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Soul of a Pilgrim Video Prayer Cycle Day 6 ~ A Love Note from Your Online Abbess


Blessing for Beginning Again*

Spirit of the fresh morning air,
allow us to see all the places where newness
is being born into the world,
the bud of a flower just breaking open its petals,
the turning of the sea’s tides,
a gaze into the eyes of another
and seeing their beauty,
the river stone being rubbed smooth.
Help us to remember
that we are always being called to begin again,
like the Prodigal One returning home
to a loving parent’s embrace,
hold our shame or heartache
at wandering so far from you,
reveal to us the feast
you prepare where tables are piled high
with the sweetest of fruits.

Dearest monks and artists,

Today we share with you the Day 6 video podcasts for our Soul of a Pilgrim prayer cycle. The theme for Morning and Evening prayer is The Practice of Beginning Again

We all experience moments when we need to pause and reflect, when we feel far away from our spiritual practice and need to remember the monastic commitment to conversion. 

Conversion in monastic tradition is never a once-and-for-all event. Instead it is always a process of unfolding, ripening, emerging, arising.

I like to think about this commitment to conversion as always being surprised by God, always remembering that God’s imagination is far greater than our own. We let ourselves be moved by something unexpected, a momentary awareness of beauty or grace.

Do you ever have those moments when you are suddenly caught in the emotion of a past story you thought you had worked through already? “That again?” You might ask yourself. But the expectation that we somehow work through an issue and then are done with it is a very linear way of approaching life, when I would suggest our experience is much more of a spiral. We come around again and again to the very same things that cause us to stumble, but each time we see them from a new perspective.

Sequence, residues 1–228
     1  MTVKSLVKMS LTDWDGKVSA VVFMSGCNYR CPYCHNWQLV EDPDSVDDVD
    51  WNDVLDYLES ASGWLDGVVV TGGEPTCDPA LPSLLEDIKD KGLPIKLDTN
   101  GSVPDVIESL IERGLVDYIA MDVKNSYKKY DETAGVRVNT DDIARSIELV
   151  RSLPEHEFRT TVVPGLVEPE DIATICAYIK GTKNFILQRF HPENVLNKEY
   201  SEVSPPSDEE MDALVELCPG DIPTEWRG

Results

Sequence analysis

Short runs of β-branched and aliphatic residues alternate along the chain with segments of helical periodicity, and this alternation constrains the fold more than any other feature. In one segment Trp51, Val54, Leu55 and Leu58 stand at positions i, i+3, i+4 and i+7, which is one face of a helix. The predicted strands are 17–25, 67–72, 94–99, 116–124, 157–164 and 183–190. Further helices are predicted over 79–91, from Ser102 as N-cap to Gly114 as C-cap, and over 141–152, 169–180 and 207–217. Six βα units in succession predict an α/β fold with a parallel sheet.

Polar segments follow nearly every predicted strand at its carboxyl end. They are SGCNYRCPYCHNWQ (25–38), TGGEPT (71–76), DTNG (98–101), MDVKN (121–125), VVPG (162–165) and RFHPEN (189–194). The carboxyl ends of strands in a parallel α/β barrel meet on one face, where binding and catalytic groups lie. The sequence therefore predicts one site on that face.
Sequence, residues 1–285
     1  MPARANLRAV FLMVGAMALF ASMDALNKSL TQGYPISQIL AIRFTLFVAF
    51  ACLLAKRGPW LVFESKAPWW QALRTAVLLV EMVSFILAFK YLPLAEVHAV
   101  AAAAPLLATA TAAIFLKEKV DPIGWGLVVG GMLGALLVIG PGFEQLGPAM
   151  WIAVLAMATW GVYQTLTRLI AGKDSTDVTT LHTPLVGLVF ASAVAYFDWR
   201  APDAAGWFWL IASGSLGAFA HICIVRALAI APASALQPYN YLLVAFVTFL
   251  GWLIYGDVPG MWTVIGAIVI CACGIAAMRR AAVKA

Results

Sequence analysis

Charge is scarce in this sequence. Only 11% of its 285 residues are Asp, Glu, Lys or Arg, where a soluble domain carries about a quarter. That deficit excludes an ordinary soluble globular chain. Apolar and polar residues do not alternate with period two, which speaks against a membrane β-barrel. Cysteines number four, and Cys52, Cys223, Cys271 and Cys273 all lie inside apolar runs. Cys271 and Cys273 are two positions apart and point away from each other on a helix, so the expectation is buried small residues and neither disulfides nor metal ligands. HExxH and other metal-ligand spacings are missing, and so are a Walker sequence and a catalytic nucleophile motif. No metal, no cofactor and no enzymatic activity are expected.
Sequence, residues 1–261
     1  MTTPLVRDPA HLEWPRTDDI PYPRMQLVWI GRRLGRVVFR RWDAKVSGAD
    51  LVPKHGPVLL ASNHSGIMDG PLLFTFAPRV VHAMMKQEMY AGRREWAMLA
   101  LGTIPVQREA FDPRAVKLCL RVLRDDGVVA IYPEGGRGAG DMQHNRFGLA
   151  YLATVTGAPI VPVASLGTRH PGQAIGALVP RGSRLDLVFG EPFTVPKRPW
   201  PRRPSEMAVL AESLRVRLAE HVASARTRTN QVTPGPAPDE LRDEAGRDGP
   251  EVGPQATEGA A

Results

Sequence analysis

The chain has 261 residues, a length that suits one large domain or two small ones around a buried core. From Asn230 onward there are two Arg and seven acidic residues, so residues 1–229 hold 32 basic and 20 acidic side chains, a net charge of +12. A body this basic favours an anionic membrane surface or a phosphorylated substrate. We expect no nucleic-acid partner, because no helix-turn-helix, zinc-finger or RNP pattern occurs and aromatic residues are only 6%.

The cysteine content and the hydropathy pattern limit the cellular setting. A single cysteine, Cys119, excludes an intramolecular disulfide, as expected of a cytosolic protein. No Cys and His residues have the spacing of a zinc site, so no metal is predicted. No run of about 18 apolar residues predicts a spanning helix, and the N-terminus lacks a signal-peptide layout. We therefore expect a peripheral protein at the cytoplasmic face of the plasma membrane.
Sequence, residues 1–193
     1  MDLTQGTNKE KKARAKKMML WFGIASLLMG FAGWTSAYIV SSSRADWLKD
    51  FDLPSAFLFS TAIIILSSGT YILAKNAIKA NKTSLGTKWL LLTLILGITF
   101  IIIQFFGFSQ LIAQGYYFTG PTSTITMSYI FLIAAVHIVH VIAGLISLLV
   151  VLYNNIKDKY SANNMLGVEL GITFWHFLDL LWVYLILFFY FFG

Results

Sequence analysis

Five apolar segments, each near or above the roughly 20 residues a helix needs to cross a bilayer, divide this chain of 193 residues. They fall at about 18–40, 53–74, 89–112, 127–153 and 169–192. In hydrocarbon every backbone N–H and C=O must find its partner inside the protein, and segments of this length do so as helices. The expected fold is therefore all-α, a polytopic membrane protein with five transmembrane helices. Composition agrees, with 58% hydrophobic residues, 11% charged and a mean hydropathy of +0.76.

As monks in the world, we are always on the path, always growing, we never fully arrive and so we always have more to learn. Being a monk in the world is not something we simply become once and for all. It means being committed to the process of discovery, it is the ongoing transformation of a lifetime. We recognize that we are always a beginner in life. When we think we have everything figured out, cynicism and cleverness clouds our vision.

Conversion calls us to a radical kind of humility, where we recognize that we simply do not know, we aren’t in control, that at the heart of everything is a great Mystery. Only when we surrender to that kind of radical unknowing can we be transformed. Only when each moment of life breaks us open with wonder and awe are we on the way.

This is one of the reasons I am drawn to the practice of the expressive arts. Art-making becomes a pilgrimage or path of discovery. As I listen each moment to the creative impulse, I let go of what I think whatever I am creating should look like. I let go of my orientation toward creating a beautiful product and let the journey take me where it will. This is a wonderful way to practice this for life as well.

Honoring our limits as creatures can be deeply liberating. Giving up our demanding inner perfectionism can be freeing. How often do I resist beginning a creative project because of my fear that it will not live up to the image in my mind? Humility invites me to release those expectations and enter into the call of my gift knowing that it may look very differently from my imagining. Recognizing our flaws in gentle and compassionate ways can bind us closer to others. We must have patience with the unfolding of our lives and the world. God’s kingdom unfolds in God’s own time. We discover that we are not solely responsible for saving the world. Acknowledging our limits, can liberate us from our compulsions and frantic busyness and lead us towards recognizing our interdependence. Each of our gifts contributes to the whole.

The poet Rainer Maria Rilke wrote: 

“If the Angel deigns to come it will because you have convinced her, not by tears but by your humble resolve to be always beginning; to be a beginner.”

Bringing the mind and heart of a beginner to our lives helps us to discover the wisdom inherent in each moment. When we let go of our desire to be clever or successful or create beautiful things we may begin to open to the sacred truth of our experience as it is, not how we want it to be.

Wonder is at the heart of conversion, letting ourselves be moved by life, letting ourselves be surprised by God, letting ourselves be open to the grace of the moment.

We are having our big annual summer sale on our self-study retreats. With over 20 to choose from, there are many options to support you in your own commitment to beginning again, whether through a new spiritual practice or creative longing. Use code SUMMER20 to take 20% of any retreat.

With great and growing love,

Christine

Christine Valters Paintner, PhD, REACE

*Blessing for Beginning Again is by Christine Valters Paintner from the Soul of a Pilgrim prayer cycle

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